“With our ideas and courage to find new ways, we have freed the costume from their dusty image and ensure that it is fashionable again today.  Not only on festivals like Oktoberfest but also at festivals, weddings and everyday thousands of costume is now worn.”–Angermaier

Nina, the daughter of the Angermaier founder, said that they were one of the first shops to offer a traditional outfit set for a couple at an affordable price (currently 139 Euro for women and 199 Euro for men), which began to grow the market. Then they started to design them a bit edgier, more colorful, and sexier, and soon they became the ‘outfit’ of Oktoberfest and beyond. Angermaier still produces outfits for all ages and tastes with stores in Munich, Berlin, Stutgart, and Nuremberg. Plus they have a healthy online presence for online ordering and shipping.

The origin of the dirndl was in the countryside, it was a rural outfit that signified the region you were from my colors and patterns. It has now moved into German urban life with the colors and traditions disappearing, and the skirts becoming a little shorter. “However, it’s still an unwritten rule that the skirt goes over the knee,” cautioned Nina.

The Dirndl Recipe

• Start with one special dirndl bra that will provide just the right amount of push up no matter what your size.
• Add a sheer and full Petticoat to provide the right amount of ‘fluff’ to the skirt.
• Add one white halter blouse – sort of like a dickie. It’s best to secure the bottom of the blouse under bottom of your bra so it stays in place. The halter blouse comes in all shapes and sexiness – the amount of cleavage you want to show is your choice.
• Next step into the dress and zip it up to the waist and then take a deep breath and tighten the buttons or corset-like ribbon around your rib cage. It is tight, but it sort of made me feel like I had to have good posture…as it’s impossible to slouch in a proper fitting dirndl. The dress is actually one piece which makes is easy to put on.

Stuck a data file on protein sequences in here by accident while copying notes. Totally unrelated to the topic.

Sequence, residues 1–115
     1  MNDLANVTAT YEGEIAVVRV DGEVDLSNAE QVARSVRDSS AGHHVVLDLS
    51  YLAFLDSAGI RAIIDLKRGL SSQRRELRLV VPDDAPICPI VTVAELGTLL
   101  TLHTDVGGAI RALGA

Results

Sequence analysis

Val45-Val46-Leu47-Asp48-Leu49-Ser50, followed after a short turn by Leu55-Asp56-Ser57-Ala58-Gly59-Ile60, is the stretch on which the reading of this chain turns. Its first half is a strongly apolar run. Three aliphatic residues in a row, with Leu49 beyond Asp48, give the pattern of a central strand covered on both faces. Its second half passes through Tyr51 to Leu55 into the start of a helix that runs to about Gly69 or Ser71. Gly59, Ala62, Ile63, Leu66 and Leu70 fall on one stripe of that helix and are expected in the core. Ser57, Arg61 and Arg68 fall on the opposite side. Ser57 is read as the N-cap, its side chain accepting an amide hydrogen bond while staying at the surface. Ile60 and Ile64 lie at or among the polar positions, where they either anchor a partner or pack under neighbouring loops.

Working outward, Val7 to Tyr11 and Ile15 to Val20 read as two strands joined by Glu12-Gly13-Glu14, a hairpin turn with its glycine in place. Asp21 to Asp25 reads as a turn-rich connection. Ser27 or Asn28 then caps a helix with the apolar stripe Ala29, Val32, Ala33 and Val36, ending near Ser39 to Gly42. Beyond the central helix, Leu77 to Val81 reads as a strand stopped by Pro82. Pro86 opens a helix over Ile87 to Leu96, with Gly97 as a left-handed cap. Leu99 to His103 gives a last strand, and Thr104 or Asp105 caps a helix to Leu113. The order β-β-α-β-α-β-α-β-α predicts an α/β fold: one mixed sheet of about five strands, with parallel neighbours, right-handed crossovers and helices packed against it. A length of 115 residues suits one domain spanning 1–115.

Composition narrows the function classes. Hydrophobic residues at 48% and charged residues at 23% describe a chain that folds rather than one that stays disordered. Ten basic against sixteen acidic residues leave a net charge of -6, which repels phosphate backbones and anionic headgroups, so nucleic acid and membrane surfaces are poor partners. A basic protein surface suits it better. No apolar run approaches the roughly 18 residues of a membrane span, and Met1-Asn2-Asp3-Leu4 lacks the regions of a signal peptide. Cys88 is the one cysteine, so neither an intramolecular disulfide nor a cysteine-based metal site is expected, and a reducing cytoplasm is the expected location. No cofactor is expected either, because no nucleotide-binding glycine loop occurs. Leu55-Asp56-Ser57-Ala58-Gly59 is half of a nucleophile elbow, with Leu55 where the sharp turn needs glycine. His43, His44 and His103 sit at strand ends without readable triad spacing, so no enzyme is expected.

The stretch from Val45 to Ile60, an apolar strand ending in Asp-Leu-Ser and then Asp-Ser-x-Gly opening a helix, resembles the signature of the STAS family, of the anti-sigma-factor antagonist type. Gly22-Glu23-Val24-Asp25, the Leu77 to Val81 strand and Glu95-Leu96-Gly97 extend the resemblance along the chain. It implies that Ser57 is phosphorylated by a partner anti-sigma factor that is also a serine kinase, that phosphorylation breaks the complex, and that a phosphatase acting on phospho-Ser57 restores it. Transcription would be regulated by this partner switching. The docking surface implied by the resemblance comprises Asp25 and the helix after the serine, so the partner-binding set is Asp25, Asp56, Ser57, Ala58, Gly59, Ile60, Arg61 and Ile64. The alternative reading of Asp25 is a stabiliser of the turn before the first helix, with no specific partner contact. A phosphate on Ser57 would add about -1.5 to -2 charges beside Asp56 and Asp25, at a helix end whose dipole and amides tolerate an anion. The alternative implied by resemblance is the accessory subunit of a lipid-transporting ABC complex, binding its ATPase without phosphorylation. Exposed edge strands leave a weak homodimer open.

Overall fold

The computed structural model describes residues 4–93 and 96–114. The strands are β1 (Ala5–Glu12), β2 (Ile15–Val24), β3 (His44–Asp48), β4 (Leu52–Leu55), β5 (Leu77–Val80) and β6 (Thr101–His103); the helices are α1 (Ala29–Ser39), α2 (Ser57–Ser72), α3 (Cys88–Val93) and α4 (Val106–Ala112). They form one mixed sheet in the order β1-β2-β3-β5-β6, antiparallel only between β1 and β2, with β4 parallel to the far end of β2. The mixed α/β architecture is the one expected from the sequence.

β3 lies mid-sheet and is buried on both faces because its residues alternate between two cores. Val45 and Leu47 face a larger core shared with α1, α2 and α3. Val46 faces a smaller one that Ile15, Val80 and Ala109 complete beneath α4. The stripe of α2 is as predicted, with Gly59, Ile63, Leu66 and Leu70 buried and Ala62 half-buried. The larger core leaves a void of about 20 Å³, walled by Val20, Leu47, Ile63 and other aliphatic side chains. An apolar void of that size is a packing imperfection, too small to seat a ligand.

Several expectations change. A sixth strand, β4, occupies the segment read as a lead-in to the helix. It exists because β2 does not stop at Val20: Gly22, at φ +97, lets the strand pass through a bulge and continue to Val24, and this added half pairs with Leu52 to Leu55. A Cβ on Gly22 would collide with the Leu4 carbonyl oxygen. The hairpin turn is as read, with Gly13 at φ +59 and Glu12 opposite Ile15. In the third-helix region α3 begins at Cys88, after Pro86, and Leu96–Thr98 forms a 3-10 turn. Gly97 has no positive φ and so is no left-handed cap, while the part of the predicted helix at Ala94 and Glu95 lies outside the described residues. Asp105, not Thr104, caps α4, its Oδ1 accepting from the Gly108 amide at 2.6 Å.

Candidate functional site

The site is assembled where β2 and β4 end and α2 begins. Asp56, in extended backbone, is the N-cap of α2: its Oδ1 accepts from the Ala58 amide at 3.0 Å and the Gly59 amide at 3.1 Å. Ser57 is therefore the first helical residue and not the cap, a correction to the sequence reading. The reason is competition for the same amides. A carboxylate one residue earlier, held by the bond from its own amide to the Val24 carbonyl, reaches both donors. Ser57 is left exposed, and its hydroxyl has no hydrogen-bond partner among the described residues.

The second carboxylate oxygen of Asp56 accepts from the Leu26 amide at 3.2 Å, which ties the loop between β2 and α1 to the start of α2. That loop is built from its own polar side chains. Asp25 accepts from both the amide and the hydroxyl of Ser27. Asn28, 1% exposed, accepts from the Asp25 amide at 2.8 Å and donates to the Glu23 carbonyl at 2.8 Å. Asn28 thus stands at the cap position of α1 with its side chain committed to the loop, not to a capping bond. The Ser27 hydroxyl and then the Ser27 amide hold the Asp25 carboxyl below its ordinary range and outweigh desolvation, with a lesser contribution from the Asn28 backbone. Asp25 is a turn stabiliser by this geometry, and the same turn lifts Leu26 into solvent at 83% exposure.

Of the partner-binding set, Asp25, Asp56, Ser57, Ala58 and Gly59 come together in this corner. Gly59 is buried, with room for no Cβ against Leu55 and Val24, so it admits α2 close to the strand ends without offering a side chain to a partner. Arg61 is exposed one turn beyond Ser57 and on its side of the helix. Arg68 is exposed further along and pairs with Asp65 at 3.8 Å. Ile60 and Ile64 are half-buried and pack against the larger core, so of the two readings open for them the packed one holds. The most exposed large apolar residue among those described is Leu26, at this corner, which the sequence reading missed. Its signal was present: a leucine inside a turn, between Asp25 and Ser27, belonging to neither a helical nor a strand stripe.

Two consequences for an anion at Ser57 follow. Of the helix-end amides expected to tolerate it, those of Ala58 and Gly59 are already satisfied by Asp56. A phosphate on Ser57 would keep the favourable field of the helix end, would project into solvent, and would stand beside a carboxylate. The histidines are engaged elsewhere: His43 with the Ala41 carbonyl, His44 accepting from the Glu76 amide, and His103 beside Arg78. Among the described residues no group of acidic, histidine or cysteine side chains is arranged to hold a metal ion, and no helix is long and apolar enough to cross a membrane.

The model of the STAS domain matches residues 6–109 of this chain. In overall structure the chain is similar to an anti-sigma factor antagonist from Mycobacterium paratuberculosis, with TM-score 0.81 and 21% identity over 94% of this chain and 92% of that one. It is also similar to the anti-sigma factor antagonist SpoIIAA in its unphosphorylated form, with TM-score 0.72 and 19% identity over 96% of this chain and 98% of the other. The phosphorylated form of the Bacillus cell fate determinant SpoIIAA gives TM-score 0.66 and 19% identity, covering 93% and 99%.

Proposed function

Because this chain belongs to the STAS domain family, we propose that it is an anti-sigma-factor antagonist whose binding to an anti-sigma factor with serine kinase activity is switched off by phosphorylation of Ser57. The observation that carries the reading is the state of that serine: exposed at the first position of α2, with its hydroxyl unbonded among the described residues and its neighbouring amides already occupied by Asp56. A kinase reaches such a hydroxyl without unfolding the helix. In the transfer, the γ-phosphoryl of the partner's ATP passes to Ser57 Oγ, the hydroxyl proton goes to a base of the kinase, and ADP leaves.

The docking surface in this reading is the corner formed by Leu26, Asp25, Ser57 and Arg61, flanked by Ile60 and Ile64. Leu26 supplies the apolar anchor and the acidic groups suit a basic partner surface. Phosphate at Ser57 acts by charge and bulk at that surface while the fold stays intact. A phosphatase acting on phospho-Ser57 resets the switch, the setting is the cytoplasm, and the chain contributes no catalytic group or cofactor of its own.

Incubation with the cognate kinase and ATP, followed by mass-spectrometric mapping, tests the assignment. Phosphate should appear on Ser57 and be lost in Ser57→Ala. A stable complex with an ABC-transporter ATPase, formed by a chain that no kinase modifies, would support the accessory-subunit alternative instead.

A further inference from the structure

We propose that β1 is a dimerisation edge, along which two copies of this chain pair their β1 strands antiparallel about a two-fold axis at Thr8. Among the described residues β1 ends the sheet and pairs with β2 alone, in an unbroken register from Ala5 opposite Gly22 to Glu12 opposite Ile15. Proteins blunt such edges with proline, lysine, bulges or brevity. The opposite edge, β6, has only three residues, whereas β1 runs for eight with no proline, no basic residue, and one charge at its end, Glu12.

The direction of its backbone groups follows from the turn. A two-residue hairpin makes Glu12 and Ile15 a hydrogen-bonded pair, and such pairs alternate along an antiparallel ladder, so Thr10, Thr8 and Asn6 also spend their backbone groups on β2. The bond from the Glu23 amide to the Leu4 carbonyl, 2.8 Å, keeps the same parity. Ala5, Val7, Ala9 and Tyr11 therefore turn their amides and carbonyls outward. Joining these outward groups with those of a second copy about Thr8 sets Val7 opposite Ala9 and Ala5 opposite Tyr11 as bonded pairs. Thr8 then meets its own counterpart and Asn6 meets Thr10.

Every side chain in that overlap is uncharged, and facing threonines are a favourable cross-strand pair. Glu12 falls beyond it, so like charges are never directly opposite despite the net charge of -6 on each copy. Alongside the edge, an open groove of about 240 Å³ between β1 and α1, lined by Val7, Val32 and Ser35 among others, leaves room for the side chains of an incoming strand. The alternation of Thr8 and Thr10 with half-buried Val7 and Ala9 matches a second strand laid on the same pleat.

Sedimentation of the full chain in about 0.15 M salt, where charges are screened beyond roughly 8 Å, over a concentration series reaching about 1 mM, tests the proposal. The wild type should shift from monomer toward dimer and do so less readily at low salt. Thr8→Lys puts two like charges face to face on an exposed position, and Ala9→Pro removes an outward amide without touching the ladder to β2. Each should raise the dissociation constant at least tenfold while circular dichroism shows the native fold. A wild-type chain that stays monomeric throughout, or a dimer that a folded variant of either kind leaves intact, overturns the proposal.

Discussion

• Add an optional cotton sweater or jacket if it’s chilly.
• Then for the finale, add the apron over the top of the dress and tie at the waist. But don’t take the tying lightly – rumor has it that there is special meaning to how your apron is tied. If you tie the bow on the right, that indicates you are a married woman, on the left means you are single and open to a little flirting. It’s unclear if this is really a historic tradition, but it is a popular tradition today that is followed.

Since I was in the Dirndl Mecca in the heart of Barvaria, I decided that I would try on this outfit that seemed a bit strange to me. I wasn’t quite sold on the dirndl as I still had an impression that it seemed gimmicky, and really just for older women who wore aprons. An Angermaier sales associate went through the racks and racks of dresses and tops holding colors up to me and pulling out designs as if she were on a mission. For a moment I felt a little like I was in the German version of the Pretty Woman shopping scene with people scurrying about me bringing me things to try on!

I tried on 4 different dirndls at Angermaier and here’s how it went:

In the end…I was won over by the traditional outfit. It was comfortable, fun to wear, forced me to have great posture, was flattering, made my boobs look big, and yes, I even loved the apron.  I’m not sure I would buy one to simply wear around New York City, but I would get one for attending Oktoberfest for sure.

Follow my Travels.


Disclosure:

I was a guest of Germany Tourism on this trip, however all opinions here are my own.